Chief Justice of Pakistan Umar Ata Bandial on Wednesday observed that Article 63-A of the Constitution could not be considered “redundant”.

“When a system is not strong, then the court should come forward to enforce the Constitution, the CJP noted while hearing presidential reference seeking the interpretation and scope of Article 63-A.

A five-judge larger bench, headed by the CJP, is hearing the matter.

The CJP noted that the party head could condone defection by not sending declaration to the Election Commission of Pakistan (ECP).

However, he added that the court had no option except the enforcement of the Constitution.
The top judge further remarked that some issues should have left for the political process, but he was still not convinced in this matter.

Justice Ijaz ul Ahsan, who is also on the bench, noted that defection was immoral and opportunistic as the entire system suffered because of it.

Also read: Article 63-A does not mention lifetime disqualification, says SC

He added that if a lawmaker act in violation of Article 63-A, then he would fall within the purview of Article 62(1)(f).

During the hearing, Makhdoom Ali Khan, the counsel for the PML-N, questioned the timing regarding filing of presidential reference in this case.

He added that the purpose of the reference was to curb corrupt practices, which were already done in the Senate elections last year.

He asked as to as why the ruling party head had not taken action against the MNAs, who were allegedly involved in corrupt practices during the Senate elections and waited for a year.

The lawyer also said the court could not look into morality.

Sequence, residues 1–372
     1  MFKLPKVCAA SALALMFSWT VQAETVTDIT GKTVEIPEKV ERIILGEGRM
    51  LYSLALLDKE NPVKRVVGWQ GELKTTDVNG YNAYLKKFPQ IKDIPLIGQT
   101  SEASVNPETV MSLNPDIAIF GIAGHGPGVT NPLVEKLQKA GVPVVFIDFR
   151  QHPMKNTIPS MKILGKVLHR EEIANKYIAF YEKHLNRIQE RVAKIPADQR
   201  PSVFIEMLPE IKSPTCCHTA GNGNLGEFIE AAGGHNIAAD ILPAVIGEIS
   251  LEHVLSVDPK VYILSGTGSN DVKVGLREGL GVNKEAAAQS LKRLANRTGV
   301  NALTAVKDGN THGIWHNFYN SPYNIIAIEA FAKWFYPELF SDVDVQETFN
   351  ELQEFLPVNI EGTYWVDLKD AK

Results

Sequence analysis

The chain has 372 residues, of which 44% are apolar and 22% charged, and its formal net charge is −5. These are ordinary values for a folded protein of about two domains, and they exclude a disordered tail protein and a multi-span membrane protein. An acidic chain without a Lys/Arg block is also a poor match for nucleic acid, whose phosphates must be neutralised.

He also raised questions on the maintainability of the reference.

In his written submission, the lawyer stated that the reference was pre-mature, vague and speculative. “It seeks declarations in advance with regard to the consequences which may flow from an “exercise of vote in a particular way by the members of National Assembly (MNAs) of a particular party on an as yet undetermined future day,” it read.

Also read: SC may put off Article 63-A reference till April 4

“The reference does not seek an opinion on a question of law of public importance. It seeks a re-writing of the Constitution. It wants this hon’ble court to read the word ‘disqualification’ into Article 63-A of the Constitution. Further, on the premise that since no duration of alleged ‘disqualification’ is provided in Article 63-A, the words ‘lifetime’ be read in by this hon’ble court. Further still, it seeks that the vote(s) against the prime minister by any member of his party be disregarded.”

The counsel further argued that the reference also did not seek an interpretation of constitutional text. “It seeks to read the current political needs of the leader of a political party into the text of the Constitution under the thin guise of an unsullied and pure political process. At the same time its object is to intimidate and threaten.”

The lawyer argued that the partisan use of Article 186 by the president to satisfy such needs threatened to make one who is the head of the state and represented the unity of the republic a “football of the contending factions”.

“No questions of law of public importance have been raised in the reference that requires an opinion from this hon’ble court. All that is sought is that the transient political expediency of the day be declared a constitutional principle,” the written submission read.

This content was originally published here.

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